In many modern applications, a key bottleneck is the solution of a matrix problem of the form Ax=b where A is a large matrix. In numerical weather prediction, such systems arise as a sub-problem within data assimilation algorithms. In this setting, finding the most likely initial condition with which to initialise a forecast is equivalent to finding the (approximate) solution x.

Due to the enormous size of the problem, we find x via an iterative method where we can only afford a very small number of iterations compared to the size of the problem. It is therefore imperative to design novel **preconditioners** for the system. Preconditioners allow us to solve an equivalent, but more mathematically tractable problem. In the setting of this case study, we exploit the underlying block structure of the saddle point formulation of the data assimilation problem in a new way to massively accelerate convergence, both in terms of iterations and wallclock times.

Figure 1: *Left shows the structure for our matrix A. Currently we assume blocks with the same colour have the same value - apart from the black blocks which are different. Right shows the proposed structure for our preconditioner P - notice it looks almost identical to A but each block has the same value M.*

In the saddle point formulation we are interested in, the matrix A has a very special structure (see Figure 1). Here each block is itself a matrix. If all the blocks of the same colour have exactly the same value, we can write A in a Kronecker form. This allows us to rewrite products A with a vector as products of related matrices with tall-skinny matrices - which turns out to be much computationally cheaper (see Figure 2 for an illustration). Unfortunately, the M blocks in A are different. We can’t change A itself (this would mean solving a different linear system), but we can use this idea to design a preconditioner that can be evaluated in a “matrix-oriented” way rather than a “vector-oriented way”.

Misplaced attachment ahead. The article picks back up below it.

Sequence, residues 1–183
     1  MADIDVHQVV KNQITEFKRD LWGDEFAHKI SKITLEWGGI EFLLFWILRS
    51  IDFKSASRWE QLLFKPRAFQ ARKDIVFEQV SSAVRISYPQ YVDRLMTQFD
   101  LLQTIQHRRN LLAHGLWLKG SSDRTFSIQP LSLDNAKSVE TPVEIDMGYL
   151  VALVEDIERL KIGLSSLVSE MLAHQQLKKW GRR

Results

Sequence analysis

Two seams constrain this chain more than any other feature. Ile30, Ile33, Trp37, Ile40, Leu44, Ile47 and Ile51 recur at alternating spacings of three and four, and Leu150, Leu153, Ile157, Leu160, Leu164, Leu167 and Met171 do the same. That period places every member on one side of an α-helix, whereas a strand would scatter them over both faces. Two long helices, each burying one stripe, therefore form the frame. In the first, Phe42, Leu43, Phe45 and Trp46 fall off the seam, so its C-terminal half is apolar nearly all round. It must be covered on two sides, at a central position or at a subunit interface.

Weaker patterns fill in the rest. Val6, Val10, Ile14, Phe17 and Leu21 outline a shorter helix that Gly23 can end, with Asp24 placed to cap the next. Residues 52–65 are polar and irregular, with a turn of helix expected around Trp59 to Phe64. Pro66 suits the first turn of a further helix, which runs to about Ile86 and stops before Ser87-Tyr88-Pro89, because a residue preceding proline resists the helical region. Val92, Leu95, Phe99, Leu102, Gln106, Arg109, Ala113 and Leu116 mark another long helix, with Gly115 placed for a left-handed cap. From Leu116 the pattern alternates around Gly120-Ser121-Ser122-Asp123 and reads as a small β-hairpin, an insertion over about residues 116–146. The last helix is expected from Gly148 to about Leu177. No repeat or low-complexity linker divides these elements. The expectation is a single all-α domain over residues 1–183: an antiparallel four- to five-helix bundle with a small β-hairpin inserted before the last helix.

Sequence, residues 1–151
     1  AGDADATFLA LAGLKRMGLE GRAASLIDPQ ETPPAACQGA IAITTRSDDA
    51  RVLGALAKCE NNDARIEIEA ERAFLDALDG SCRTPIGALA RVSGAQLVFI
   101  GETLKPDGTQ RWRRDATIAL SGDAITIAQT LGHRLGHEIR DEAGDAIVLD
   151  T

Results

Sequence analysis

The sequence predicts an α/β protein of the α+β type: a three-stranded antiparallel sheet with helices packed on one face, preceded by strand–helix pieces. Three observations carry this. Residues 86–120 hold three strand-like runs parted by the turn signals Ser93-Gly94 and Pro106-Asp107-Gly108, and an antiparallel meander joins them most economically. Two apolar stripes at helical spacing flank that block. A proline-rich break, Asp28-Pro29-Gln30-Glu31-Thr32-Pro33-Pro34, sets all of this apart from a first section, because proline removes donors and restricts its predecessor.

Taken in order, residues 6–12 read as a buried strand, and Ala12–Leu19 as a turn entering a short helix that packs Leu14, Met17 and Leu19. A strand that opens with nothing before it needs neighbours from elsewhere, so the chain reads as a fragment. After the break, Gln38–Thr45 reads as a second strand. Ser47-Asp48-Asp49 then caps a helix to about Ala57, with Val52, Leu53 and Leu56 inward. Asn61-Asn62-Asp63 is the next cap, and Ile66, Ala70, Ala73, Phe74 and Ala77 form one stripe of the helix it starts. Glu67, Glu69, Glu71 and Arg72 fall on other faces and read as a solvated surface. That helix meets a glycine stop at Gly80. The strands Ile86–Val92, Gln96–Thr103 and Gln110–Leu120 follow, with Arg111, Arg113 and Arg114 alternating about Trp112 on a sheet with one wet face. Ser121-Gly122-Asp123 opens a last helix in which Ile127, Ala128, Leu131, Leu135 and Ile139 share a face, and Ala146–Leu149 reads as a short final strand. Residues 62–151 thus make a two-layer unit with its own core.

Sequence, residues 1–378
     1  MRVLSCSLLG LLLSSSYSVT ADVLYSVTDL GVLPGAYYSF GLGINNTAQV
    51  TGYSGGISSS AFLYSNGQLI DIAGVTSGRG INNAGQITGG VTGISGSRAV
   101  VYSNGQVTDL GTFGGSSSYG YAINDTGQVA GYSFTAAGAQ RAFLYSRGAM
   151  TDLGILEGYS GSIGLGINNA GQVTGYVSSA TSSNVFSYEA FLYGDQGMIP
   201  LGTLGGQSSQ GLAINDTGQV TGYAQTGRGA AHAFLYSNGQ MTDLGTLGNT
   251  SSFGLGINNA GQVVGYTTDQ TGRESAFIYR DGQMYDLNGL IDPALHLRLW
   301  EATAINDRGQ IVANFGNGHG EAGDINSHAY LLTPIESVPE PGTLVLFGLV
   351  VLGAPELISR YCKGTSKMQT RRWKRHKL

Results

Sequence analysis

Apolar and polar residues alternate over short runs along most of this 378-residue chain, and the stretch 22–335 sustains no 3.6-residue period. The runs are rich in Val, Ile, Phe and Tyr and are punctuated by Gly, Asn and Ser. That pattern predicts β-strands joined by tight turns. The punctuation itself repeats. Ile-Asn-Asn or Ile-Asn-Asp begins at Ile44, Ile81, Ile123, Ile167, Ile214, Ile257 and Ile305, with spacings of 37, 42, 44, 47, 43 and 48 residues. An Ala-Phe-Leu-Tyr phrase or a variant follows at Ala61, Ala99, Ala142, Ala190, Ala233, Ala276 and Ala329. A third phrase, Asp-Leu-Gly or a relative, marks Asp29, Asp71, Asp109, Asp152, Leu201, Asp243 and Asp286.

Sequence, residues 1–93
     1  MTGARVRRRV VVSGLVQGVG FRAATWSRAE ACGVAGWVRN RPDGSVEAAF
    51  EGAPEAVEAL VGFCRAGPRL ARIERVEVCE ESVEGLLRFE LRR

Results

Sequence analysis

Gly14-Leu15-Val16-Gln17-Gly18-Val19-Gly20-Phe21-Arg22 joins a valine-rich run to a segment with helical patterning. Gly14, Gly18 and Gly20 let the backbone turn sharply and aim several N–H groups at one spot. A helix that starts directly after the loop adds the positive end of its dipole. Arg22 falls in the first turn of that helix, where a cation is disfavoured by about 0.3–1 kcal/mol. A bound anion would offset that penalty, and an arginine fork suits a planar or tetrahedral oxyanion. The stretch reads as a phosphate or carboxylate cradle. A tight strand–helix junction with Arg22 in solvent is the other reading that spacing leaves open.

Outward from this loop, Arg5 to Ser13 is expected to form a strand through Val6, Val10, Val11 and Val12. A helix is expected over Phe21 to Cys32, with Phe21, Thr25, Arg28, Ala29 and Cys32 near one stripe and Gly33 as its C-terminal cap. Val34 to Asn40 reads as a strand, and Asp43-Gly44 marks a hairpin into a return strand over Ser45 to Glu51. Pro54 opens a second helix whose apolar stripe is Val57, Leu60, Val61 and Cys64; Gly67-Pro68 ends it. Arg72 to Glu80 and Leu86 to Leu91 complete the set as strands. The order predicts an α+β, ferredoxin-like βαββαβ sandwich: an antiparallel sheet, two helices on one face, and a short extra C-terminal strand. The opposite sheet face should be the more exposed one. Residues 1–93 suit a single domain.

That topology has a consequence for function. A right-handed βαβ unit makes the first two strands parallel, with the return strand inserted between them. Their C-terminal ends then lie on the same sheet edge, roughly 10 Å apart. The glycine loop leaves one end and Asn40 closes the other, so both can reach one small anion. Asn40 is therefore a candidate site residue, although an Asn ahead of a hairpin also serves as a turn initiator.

*Figure 2: Shows how a block matrix (where the red blocks are all identical) multiplied with a vector (vector-oriented) can be rewritten as a single block multiplied by the vector rearranged into a matrix (matrix-oriented). *

Our new approach uses a preconditioner P where we replace M1, M2, M3 with an average value M (right in Figure 1). We can then rewrite any matrix-vector product Px or P^{-1}x in the matrix-matrix way shown in the bottom of Figure 2. We then replace standard iterative methods (which multiply matrices with vectors) with matrix-oriented iterative methods to solve Ax = b. If we use the same P and A in the vector-oriented or matrix-oriented algorithms we will obtain the same solution, x, in the same number of iterations. However, the computational cost will be much higher for the vector-oriented approach, and using the P shown in Figure 1 in the matrix-vector implementation is not feasible in practice.

Compared to standard matrix-vector methods with other choices of P, we find the matrix-oriented approach with P as shown in Figure 1 yields:

- Improved estimates to the model term (if the Ms in A don’t differ too much). This means P is closer to the original matrix A.
- Dramatic reduction in Iteration counts, as well as computational cost for a serial implementation. This means we can find a solution x in fewer steps, and the overall cost is not a problem for our test case.

The results of this proof-of-concept approach seem very promising! However, there is some work left to do before this will be used in operational weather forecasting centres. Our main challenges are:

- What happens if the other blocks of the system vary (i.e. the red blocks in Figure 1 are different from one another)? These can have different sizes which is a problem for this Kronecker approach.
- We currently ensure competitive computational performance by requiring the full eigenvalue decomposition of M. This is not feasible for operational-scale systems.

We have a few ideas for how to tackle these outstanding issues - stay tuned for the next paper to find out if we manage!

For further details and full numerical experiments:

Palitta, Davide, and Jemima M. Tabeart. "Stein-based preconditioners for weak-constraint 4D-var." Journal of Computational Physics 482 (2023): 112068.

Jemima Tabeart is a Hooke Research Fellow in Oxford Mathematics.